• 64% agreed chatbots enable them to provide more personalized service experiences for customers
  • 59% said that as employees, they feel more satisfied in their jobs and more committed to the company

Contact center agents are not of the belief that the introduction of automation has to be an either-or proposition. Instead, agents and customer support chatbots can—must!—work in unison to establish a higher level of customer care. First projects of ours have shown us that employees indeed welcome the help, as it frees them up to spend more time on the more intricate customer service issues.

However, if you’re ready to hire your first digital employee to serve on the front line of your contact center, you must have a strategy in place to leverage your personnel as you offload basic responsibilities onto this new type of hire. After working with several organizations as they deploy automated self-service technologies, I’ve compiled these suggestions to help ease the transition as you bring new technology to your contact center:

Get your agents in top shape: I don’t mean physically, of course, but train your agents and provide excellent coaching. In return their skills will be honed, they’ll stay engaged, and provide better service—service of a type a chatbot will not be able to take on for years to come. In addition, investing in your agents endears them to your organization, helping to cut down on your churn rate. As customer support chatbots and other technology take over basic responsibilities, be sure to simultaneously increase training and responsibilities so that your agents are prepared to field more complex requests more ably.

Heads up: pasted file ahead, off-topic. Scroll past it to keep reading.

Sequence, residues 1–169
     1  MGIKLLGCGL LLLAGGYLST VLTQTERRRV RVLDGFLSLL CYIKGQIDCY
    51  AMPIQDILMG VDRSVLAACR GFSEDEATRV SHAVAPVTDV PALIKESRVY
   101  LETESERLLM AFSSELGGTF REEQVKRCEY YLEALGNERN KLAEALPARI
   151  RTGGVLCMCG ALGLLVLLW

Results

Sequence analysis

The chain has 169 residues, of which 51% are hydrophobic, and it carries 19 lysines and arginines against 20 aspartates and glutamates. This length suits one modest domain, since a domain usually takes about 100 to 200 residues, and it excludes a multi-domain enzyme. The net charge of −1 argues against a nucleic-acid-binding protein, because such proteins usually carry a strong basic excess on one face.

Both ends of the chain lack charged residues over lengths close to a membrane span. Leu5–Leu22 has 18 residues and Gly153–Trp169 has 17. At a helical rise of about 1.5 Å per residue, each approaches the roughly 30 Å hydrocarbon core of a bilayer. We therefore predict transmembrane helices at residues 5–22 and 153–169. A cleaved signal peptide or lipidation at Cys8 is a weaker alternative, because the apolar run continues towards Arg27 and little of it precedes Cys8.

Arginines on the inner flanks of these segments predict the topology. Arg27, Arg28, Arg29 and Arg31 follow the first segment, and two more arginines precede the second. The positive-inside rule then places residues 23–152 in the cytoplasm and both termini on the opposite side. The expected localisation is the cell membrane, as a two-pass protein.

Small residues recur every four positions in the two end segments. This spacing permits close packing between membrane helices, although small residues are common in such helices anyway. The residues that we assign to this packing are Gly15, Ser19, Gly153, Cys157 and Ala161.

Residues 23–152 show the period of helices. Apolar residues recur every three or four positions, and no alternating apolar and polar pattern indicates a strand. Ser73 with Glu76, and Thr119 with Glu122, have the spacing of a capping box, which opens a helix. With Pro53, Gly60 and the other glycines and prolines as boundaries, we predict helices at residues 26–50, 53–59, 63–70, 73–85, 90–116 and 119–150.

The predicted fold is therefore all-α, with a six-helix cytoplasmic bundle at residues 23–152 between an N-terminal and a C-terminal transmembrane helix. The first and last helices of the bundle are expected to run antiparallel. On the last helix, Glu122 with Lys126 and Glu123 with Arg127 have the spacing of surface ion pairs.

Design well, test thoroughly: This could be a complete post on its own so I’ll stick to the basics. Take your time designing the customer support chatbot. Create a “conversational architecture” for your chatbot and design the dialogue flow and storyboard to ensure your chatbot responses are conversational, logical, and follow normal patterns of human conversation (e.g., accommodating follow-up questions, not just coding question-answer pairs). Once your chatbot is operational, test thoroughly using a diverse set of testers (optimally outside of your organization). This is when your chatbot responses will start to become accurate and will help you avoid an embarrassing launch.